Drink up, y’all!
Bayou Bootlegger. The Problem Solver. Skin and Bone. Citrocity. Mermaid’s Milk. You want more?
Those and some 200 other craft beers flowed freely on tap at Columbia’s eighth annual World Beer Festival on Saturday.
There was beer, beer everywhere – and craft cider, too, for the first time – at the festival, which drew dozens of breweries and 4,000 thirsty beer drinkers to the Columbia Metropolitan Convention Center.
“When we started these events, nobody knew what these beers were. And many people are still learning more about beer,” said Chris Rice, publisher and CEO of All About Beer magazine, which hosts the festival. “But I think the consumer has woken up that, wow, there’s this whole world of different styles and flavors and, holy cow, brewers are incredibly creative, far more than maybe other drinks. It’s a celebration of small brewers, the passion, the stuff they’re doing with beer.”
There’s an art and a science behind each beer that makes each one unique, said Dan Gridley, the owner of Farm Boy Farms, which grows barley and hops to distribute to breweries near its Pittsboro, N.C., farm.
“There’s so many different characteristics that everyone can find some beer that they like,” Gridley said.
The brewing process that makes each beer special is something that Paul Carff, of Charleston, could appreciate as he sampled the beers from a wide variety of breweries, from the Carolinas and across the nation. Carff has been home-brewing his own beers since 1991, he said.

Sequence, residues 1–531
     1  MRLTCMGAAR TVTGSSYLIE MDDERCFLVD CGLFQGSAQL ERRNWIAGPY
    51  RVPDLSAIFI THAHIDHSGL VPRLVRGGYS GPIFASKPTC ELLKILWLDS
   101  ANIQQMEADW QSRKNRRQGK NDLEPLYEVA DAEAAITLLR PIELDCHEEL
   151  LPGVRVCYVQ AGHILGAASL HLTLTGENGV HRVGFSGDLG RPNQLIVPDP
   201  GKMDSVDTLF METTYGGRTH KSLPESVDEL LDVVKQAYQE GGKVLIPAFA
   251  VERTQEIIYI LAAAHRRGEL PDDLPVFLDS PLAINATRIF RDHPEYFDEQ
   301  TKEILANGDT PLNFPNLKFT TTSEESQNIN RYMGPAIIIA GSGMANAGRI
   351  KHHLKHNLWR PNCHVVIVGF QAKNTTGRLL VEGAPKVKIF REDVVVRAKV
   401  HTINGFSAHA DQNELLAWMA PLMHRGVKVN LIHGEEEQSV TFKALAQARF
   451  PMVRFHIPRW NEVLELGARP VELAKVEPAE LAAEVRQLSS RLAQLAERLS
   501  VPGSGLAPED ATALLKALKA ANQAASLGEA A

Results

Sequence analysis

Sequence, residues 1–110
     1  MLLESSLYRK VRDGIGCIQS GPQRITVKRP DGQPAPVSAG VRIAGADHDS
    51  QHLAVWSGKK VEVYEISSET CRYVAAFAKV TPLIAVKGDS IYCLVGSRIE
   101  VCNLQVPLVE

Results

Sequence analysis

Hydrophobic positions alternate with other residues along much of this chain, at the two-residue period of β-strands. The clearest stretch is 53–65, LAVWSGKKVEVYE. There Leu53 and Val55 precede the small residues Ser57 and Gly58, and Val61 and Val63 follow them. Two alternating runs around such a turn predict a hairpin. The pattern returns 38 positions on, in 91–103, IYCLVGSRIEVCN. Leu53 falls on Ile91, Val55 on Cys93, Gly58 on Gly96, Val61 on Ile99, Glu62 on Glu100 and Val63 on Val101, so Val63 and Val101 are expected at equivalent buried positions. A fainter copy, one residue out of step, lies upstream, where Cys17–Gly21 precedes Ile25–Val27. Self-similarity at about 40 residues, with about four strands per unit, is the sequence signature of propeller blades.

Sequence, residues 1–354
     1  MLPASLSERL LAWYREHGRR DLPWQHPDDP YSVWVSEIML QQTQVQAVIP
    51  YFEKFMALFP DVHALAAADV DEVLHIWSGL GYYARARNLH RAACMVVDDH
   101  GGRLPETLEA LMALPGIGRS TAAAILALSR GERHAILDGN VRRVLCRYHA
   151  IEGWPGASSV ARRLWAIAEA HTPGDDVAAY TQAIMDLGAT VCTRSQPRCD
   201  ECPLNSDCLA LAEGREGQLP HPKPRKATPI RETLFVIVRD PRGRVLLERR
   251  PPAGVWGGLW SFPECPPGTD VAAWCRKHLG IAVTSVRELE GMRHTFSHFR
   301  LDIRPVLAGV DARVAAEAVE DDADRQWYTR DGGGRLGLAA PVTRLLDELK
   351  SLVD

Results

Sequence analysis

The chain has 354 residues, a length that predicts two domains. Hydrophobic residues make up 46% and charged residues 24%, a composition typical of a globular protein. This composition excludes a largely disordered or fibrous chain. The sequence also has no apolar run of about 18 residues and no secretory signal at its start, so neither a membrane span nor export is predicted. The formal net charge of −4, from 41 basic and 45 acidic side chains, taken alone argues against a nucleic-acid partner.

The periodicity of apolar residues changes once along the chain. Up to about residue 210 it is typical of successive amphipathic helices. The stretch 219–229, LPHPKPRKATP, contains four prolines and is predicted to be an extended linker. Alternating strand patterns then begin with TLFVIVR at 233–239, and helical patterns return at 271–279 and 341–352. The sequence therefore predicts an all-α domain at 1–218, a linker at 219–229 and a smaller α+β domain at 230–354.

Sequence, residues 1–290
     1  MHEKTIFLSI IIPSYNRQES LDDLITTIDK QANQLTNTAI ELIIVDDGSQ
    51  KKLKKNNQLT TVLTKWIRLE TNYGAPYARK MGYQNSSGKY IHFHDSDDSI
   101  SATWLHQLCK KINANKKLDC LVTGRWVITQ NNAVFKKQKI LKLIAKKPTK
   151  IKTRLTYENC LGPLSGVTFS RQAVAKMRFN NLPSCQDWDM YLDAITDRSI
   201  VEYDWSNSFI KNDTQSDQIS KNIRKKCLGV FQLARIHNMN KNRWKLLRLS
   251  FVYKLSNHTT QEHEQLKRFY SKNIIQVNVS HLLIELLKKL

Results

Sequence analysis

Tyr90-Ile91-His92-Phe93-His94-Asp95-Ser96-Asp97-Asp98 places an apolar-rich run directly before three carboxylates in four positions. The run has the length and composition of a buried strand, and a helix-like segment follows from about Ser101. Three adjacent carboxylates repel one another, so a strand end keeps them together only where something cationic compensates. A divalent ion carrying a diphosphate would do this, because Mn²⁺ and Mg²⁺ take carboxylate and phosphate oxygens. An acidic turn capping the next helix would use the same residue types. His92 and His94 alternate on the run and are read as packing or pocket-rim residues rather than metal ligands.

“This is just a great way to come out and try a whole bunch of different beers without having to buy a whole bunch of different beers,” Carff said. “If you’re curious about a kind of style, it gives you an opportunity to try a whole bunch of them and learn about them.”
Bob Evans, of Columbia, said he likes experiencing the differences in each beer and “getting into the mechanics” of what gives beers their flavors.
With a string of palate-cleansing pretzels hanging around his neck, Evans said the best strategy to navigating the big festival is to “be yourself and to really just kind of engage with the breweries.”
“Start with breweries that you know, explore their different offerings, and then start branching out, making the rounds,” he said. “You don’t know, until you try, what you like.”
Reach Ellis at (803) 771-8307.